John Hare in 1898.
There follows a fitting prelude to the masquerade at Briony Lodge. Holmes 'disappears' and is replaced by 'a fine actor' in character. The disguise adopted would have been easily imagined by readers of The Strand in 1891. Ever on the qui vive for the most economical effect, Doyle equates Holmes with Sir. John Hare, a real and famous actor of the time. The photograph of Hare at the head of this post was taken in 1902, but he had first essayed the main part in Sydney Grundy's  long-running French-style comedy, A Pair of Spectacles, at the (new) Garrick Theatre in 1889/90 and on Broadway the following year. Wikipedia has useful articles on Hare, Grundy and A Pair of Spectacles for those interested.

Doyle wrote for the stage; he and Hare shared mutual theatrical contacts, such as W.S. Gilbert. He may credibly have watched Hare's career-making role at The Garrick and chose a disguise for Holmes that instantly associated him with a very popular and talented actor.

Hare proved one of the luckiest men alive in 1912 when he chose to sail to America on the last voyage of Olympic rather than waiting a week to travel on Titanic. Click the following link, please: it is well worth reading the full account of those who ,unawares, escaped a monumental tragedy by sailing on the older vessel. You will need to scroll down to see the account of Sir. John Hare (and this photograph):

The Great Survivor.

Direct reference to Hare in his most famous part immediately identifies Holmes as an outstanding actor. In A Scandal in Bohemia this is crucial preparation for his eventual failure. The more skilled Holmes is drawn the greater will be the kudos accruing to Irene Norton.

Holmes has, as Watson finds, dressed the set well outside Briony Lodge and what ensues has the stuff of melodrama.

During the fracas Watson has noted the lady's superb figure but has been more impressed by her grace and kindliness, so that he has momentary second thoughts about conspiring against the beautiful creature. Loyalty to Holmes wins out, all goes perfectly to plan and in no time at all Holmes has rejoined Watson to head in silence for the Edgeware Road.

Watson was of course not present within Briony Lodge and Doyle has Holmes narrate the sequence of events (and explain their pre-conceived purpose): a conversation that neatly occupies the walk back to Baker Street and illustrates Holmes's belief he has carried the day after the campaign he embarked upon hours before.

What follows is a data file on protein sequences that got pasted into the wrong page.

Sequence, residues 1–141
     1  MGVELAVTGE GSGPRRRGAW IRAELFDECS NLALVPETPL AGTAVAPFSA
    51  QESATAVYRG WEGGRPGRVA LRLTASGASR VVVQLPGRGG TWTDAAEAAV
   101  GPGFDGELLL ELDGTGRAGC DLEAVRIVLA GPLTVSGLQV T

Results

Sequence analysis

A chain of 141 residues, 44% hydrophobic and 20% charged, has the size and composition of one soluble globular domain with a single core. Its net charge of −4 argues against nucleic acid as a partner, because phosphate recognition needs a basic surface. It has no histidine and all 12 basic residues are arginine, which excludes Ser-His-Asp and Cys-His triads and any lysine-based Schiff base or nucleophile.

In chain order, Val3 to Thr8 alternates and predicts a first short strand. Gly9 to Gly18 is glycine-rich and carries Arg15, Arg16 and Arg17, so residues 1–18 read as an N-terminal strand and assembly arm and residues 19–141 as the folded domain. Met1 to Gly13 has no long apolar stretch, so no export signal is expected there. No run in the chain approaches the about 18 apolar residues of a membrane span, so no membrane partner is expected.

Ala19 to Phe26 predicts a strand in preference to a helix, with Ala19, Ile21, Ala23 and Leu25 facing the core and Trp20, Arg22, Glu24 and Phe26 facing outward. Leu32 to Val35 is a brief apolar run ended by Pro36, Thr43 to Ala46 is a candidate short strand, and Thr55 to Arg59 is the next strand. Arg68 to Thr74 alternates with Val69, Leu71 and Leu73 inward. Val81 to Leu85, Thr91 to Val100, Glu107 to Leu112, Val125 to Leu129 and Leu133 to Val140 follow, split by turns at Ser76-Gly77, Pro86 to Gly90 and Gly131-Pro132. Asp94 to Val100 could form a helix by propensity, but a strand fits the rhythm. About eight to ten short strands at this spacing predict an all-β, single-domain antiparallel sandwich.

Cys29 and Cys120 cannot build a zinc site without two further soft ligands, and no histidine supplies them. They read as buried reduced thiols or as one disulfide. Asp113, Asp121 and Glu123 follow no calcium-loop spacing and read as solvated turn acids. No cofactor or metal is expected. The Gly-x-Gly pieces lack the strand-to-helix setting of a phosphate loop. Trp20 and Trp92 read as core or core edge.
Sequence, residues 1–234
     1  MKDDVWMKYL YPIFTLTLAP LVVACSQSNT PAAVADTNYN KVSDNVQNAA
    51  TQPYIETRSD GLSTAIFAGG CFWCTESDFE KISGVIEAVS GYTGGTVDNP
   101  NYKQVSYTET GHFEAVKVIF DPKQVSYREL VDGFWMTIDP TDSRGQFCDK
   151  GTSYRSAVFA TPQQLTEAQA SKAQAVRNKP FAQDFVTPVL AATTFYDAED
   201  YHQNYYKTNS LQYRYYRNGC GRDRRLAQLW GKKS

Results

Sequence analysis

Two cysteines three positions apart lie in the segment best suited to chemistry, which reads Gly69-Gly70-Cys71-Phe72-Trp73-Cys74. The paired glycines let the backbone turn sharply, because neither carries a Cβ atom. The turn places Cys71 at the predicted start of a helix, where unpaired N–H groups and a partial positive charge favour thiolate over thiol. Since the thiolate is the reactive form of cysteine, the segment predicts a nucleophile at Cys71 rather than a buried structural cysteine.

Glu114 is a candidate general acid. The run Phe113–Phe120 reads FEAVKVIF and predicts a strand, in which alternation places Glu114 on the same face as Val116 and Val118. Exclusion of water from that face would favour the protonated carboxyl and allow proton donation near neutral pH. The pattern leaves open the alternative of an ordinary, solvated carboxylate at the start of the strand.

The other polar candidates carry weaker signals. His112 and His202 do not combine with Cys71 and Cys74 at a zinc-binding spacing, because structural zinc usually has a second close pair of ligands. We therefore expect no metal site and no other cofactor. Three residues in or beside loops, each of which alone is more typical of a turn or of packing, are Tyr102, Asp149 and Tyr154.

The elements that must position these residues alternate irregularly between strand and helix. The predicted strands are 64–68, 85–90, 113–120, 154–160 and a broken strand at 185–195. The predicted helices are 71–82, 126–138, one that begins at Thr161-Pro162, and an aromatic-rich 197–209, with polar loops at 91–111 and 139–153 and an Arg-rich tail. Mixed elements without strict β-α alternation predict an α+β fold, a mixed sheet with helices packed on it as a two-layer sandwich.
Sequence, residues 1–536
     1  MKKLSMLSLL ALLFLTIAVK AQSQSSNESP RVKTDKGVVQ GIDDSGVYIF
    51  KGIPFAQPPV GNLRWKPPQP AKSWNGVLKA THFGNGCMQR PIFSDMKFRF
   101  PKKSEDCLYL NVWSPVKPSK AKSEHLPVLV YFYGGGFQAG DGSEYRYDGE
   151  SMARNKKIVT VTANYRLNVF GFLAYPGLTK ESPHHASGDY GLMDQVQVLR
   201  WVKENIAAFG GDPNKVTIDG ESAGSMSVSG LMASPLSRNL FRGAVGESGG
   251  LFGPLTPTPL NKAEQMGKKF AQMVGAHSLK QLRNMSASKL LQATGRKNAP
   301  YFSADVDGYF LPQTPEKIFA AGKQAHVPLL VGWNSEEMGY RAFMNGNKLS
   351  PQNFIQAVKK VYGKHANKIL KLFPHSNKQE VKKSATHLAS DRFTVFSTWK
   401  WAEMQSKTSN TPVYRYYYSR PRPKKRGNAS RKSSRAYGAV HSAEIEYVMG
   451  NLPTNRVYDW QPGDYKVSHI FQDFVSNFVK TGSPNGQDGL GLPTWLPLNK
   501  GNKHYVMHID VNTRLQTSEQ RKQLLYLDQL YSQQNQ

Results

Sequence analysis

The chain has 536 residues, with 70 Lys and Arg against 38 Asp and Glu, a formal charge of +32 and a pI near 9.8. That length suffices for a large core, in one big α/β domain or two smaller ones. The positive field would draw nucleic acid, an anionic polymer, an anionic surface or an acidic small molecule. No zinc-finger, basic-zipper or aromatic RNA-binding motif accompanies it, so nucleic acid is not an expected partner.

Ironically (even symbolically) Holmes is occupied in 'searching his pockets for the key', when somebody passing said, 'Good night, Mister Sherlock Holmes'. The street is as dimly lit as the friends' recognition of the speaker. For Watson it may have been 'a slim youth in an ulster'. A vaguely rattled Holmes (he rarely swears - deuce) cannot place the familiar voice.

That night they sleep the sleep of the innocent at Baker Street, unconscious of nocturnal counter manoeuvres down Serpentine Avenue in the Wood of  St. John.

The world ( and Madame Norton) will look very different when they wake to Day Three.

The Best Laid Plans...
To go straight to Day Three click HERE


Saturday, March 24, 2012

Masks - A Scandal in Bohemia (Day One).

When Jeremy Brett's Holmes muses on Bohemia's discarded mask, he departs from the letter of the original but focuses attention on a major theme of A Scandal in Bohemia and a recurring preoccupation of the Canon.

On one level, Doyle's sense of the dramatic and frequent recourse to theatrical reference give his prose an immediacy akin to the experience enjoyed by an audience watching a stage play. Doyle, the playwright, is evident in his ear for dialogue and scene-like story constructions.

A Scandal in Bohemia plays with notions of disguise, costume and masking; of deception, alias and identity on deeper levels, with Shakespearian amusement. Whispered echoes of Twelfth Night and Romeo and Juliet swirl in the scandalous air.

A trio of actors tread the boards of our imagination, with varying success. In narrative order they are: Wilhelm, King of Bohemia, Sherlock Holmes and Irene Norton (nee Adler).
On Day One Bohemia enters ...into limelight.

In the unlikely event of the King meeting James Ryder (sometime Head attendant at the Hotel Metropolitan) they would have one thing in common:

Holmes to Ryder: " ' no; the real name,' said Holmes sweetly. 'It is always awkward doing business with an alias.'"

Ludicrous as Malvolio is Bohemia in masquerade as the Count von Kramm, reduced to melodrama as he tears off the ineffectual mask. And, as with Ryder (he of the servant classes) a King is reduced before the all-levelling eye of Sherlock Holmes. At a stroke, the detective renders both alias and royal status irrelevant.

Prior to the King's arrival we have been reminded  of Holmes's observational genius via Watson. Wilhelm has no idea what an examination awaits. Thus it is for all who climb the 17 steps. Visitors beware! You enter at a price: truth...just bring the truth. Time and again in the Canon Holmes urges client and criminal, Lord and Lady to give him the facts and trust him with the most uncomfortable truths. A chemical metaphor aptly conveys this central function of Doyle's creation: He is litmus paper dipped in souls. King Wilhelm is acid.

Quietly, without polemic, Doyle (who has mixed with kings and commoners) is here educating his audience to look beyond appearance. Bohemia may loom large, wear fabulously rich bling over a Herculean figure, but these are as showily devoid of real substance as the King's Gilbert and Sullivan-esque title: Holmes deliciously rattles off Wilhelm's full name, metaphorically tossing it aside as of no practical value.